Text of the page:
Forum for Science, Industry and Business

Sponsored by:     3M 
Search our Site:

 

KERatin - 3D artificial skin models for therapy strategies of keratinisation disorders

02.11.2009
The present invention describes a 3D model mimicking normal skin. The model shows the following advantages:

- a collagen-fibroblast matrix and a fully stratified and cornified epidermal layer of primary human keratinocytes - epidermal basal layer and terminal differentiation can be seen - barrier function is present (normal skin) or reduced (disease model) - able to mimic single gene caused keratinisation disorders, e.g. congenital ichthyosis

Challenge Since European and national regulations restrict the use of animals for the production and development of cosmetic products, adequate skin models are required. Pharmacological and pharmaceutical studies are presently done in 2D cell cultures, rodents and finally in humans. All these test systems either lack the genetic defect and disease phenotype that the drug is intended to cure or have to be developed tediously. Pharmacological and medical outcomes are thereto only predictable, as drug metabolism, drug transfer, e. g. through the epidermis, drug effect (in skin with missing gene products) cannot be foreseen.

Further Information: PDF

PROvendis GmbH
Phone: +49 (0)208/94105 10

Contact
Dipl.-Ing. Alfred Schillert

info@technologieallianz.de | TechnologieAllianz e.V.
Further information:
http://www.technologieallianz.de/angebote.php?sort=sag&id=1729&lang=en
http://www.technologieallianz.de

More articles from Technology Offerings:

nachricht Oligomeric vaccines
27.03.2017 | TechnologieAllianz e.V.

nachricht Flexible and rigid, heavy-metal free organic redox polymer batteries
09.03.2017 | TechnologieAllianz e.V.

All articles from Technology Offerings >>>

The most recent press releases about innovation >>>

Die letzten 5 Focus-News des innovations-reports im Überblick:

Im Focus: Giant Magnetic Fields in the Universe

Astronomers from Bonn and Tautenburg in Thuringia (Germany) used the 100-m radio telescope at Effelsberg to observe several galaxy clusters. At the edges of these large accumulations of dark matter, stellar systems (galaxies), hot gas, and charged particles, they found magnetic fields that are exceptionally ordered over distances of many million light years. This makes them the most extended magnetic fields in the universe known so far.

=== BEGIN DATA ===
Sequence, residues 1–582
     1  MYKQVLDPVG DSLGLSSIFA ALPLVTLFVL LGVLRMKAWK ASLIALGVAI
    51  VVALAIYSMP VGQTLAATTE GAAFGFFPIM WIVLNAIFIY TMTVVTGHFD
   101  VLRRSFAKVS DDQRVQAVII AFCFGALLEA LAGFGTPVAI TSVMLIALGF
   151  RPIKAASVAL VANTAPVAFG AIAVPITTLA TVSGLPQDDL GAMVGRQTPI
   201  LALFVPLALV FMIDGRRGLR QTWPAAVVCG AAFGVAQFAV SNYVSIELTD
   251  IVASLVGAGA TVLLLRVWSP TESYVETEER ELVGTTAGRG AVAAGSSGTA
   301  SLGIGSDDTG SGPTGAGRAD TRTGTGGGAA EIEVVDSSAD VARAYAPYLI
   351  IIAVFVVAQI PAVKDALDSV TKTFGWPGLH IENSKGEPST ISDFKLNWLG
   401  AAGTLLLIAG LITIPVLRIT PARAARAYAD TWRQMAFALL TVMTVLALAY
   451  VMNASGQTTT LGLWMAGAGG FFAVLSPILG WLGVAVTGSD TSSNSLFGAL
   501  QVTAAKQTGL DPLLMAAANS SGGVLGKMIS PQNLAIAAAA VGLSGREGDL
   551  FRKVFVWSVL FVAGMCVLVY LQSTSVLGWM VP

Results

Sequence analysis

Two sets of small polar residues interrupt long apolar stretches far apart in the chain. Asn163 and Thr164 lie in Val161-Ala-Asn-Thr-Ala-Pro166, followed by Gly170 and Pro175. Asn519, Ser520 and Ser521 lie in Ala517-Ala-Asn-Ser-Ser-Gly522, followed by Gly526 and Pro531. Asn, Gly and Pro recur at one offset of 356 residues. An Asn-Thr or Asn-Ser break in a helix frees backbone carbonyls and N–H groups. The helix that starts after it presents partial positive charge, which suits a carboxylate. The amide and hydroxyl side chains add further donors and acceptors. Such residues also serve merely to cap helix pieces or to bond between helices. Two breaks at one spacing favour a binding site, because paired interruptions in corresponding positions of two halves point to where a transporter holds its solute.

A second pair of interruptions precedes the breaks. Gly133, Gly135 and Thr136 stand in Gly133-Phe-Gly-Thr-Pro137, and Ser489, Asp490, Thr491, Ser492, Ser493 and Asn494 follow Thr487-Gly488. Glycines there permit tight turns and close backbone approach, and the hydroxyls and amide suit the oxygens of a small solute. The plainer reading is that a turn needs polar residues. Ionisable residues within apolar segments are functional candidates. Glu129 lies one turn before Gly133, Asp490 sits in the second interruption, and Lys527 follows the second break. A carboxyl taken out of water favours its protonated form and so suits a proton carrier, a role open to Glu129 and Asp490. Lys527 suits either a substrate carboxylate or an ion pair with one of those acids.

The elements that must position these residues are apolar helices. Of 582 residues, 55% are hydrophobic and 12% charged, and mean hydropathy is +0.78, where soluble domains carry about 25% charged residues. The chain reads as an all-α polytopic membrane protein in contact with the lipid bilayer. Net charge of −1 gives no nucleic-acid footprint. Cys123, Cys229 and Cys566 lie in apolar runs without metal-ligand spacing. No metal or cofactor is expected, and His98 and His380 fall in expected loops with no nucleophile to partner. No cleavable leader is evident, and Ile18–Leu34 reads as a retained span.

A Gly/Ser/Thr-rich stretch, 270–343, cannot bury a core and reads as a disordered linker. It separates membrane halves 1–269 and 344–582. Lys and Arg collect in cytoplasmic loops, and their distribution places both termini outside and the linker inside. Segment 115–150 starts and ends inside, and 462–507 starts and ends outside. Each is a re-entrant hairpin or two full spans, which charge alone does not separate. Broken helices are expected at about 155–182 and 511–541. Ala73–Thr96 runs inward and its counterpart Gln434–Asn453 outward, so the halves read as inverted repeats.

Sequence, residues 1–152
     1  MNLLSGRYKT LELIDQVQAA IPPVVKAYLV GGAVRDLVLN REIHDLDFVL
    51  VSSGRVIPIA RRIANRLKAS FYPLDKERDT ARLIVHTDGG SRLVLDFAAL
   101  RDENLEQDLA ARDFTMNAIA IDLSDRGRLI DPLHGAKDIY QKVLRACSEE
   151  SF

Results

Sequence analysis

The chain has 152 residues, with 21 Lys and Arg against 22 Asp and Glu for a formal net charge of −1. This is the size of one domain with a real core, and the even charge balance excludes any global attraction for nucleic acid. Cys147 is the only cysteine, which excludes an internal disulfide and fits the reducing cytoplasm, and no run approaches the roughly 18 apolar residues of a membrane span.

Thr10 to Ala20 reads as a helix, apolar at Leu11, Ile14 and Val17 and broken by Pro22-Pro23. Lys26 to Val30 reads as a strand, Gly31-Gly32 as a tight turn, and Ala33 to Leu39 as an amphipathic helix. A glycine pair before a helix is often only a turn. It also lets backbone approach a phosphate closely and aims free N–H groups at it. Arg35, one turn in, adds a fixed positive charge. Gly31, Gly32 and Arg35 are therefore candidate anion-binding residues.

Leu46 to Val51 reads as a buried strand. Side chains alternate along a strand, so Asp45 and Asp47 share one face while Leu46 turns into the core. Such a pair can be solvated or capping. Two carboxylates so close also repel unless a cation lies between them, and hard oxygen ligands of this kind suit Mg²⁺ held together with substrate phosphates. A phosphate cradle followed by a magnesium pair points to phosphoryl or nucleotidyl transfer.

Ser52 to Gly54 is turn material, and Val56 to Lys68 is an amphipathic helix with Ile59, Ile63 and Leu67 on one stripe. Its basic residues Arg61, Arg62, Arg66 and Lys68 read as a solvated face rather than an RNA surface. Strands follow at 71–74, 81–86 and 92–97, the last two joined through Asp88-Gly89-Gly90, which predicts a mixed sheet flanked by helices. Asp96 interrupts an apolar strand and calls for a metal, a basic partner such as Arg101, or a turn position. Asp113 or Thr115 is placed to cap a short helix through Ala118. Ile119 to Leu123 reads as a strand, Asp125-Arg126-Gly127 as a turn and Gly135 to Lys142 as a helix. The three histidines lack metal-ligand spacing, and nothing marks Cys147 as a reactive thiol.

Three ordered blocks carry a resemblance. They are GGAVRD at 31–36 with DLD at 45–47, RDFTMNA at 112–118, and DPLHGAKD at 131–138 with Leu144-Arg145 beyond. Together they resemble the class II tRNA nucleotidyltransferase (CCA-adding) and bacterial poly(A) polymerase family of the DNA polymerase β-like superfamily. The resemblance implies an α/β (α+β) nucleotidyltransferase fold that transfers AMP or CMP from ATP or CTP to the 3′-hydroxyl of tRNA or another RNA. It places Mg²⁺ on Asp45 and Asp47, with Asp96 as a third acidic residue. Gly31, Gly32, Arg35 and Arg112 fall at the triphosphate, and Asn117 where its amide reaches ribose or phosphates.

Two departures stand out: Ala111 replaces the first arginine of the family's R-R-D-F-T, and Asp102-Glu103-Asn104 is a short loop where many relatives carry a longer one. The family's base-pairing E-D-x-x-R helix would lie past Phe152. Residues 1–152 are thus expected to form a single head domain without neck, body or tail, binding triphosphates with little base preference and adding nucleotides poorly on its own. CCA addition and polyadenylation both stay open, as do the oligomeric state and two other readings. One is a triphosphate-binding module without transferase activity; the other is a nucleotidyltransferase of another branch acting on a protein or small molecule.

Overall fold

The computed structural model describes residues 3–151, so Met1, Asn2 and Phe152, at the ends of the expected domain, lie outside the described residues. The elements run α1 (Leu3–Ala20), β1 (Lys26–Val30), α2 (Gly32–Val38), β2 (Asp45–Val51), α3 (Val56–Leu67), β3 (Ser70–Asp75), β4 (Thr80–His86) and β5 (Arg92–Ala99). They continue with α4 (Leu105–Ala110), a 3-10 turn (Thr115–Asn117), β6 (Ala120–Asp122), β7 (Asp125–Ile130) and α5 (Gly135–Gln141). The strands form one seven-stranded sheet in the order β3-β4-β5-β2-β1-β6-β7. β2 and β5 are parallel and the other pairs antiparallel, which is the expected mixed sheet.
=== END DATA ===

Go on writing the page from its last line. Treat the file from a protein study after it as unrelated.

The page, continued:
The results will be published on March 22 in the journal „Astronomy & Astrophysics“.

Galaxy clusters are the largest gravitationally bound structures in the universe. With a typical extent of about 10 million light years, i.e. 100 times the...

Im Focus: Tracing down linear ubiquitination

Researchers at the Goethe University Frankfurt, together with partners from the University of Tübingen in Germany and Queen Mary University as well as Francis Crick Institute from London (UK) have developed a novel technology to decipher the secret ubiquitin code.

Ubiquitin is a small protein that can be linked to other cellular proteins, thereby controlling and modulating their functions. The attachment occurs in many...

Im Focus: Perovskite edges can be tuned for optoelectronic performance

Layered 2D material improves efficiency for solar cells and LEDs

In the eternal search for next generation high-efficiency solar cells and LEDs, scientists at Los Alamos National Laboratory and their partners are creating...

Im Focus: Polymer-coated silicon nanosheets as alternative to graphene: A perfect team for nanoelectronics

Silicon nanosheets are thin, two-dimensional layers with exceptional optoelectronic properties very similar to those of graphene. Albeit, the nanosheets are less stable. Now researchers at the Technical University of Munich (TUM) have, for the first time ever, produced a composite material combining silicon nanosheets and a polymer that is both UV-resistant and easy to process. This brings the scientists a significant step closer to industrial applications like flexible displays and photosensors.

Silicon nanosheets are thin, two-dimensional layers with exceptional optoelectronic properties very similar to those of graphene. Albeit, the nanosheets are...

Im Focus: Researchers Imitate Molecular Crowding in Cells

Enzymes behave differently in a test tube compared with the molecular scrum of a living cell. Chemists from the University of Basel have now been able to simulate these confined natural conditions in artificial vesicles for the first time. As reported in the academic journal Small, the results are offering better insight into the development of nanoreactors and artificial organelles.

Enzymes behave differently in a test tube compared with the molecular scrum of a living cell. Chemists from the University of Basel have now been able to...

All Focus news of the innovation-report >>>

Anzeige

Anzeige

Event News

International Land Use Symposium ILUS 2017: Call for Abstracts and Registration open

20.03.2017 | Event News

CONNECT 2017: International congress on connective tissue

14.03.2017 | Event News

ICTM Conference: Turbine Construction between Big Data and Additive Manufacturing

07.03.2017 | Event News

 
Latest News

Northern oceans pumped CO2 into the atmosphere

27.03.2017 | Earth Sciences

Fingerprint' technique spots frog populations at risk from pollution

27.03.2017 | Life Sciences

Big data approach to predict protein structure

27.03.2017 | Life Sciences

VideoLinks
B2B-VideoLinks
More VideoLinks >>>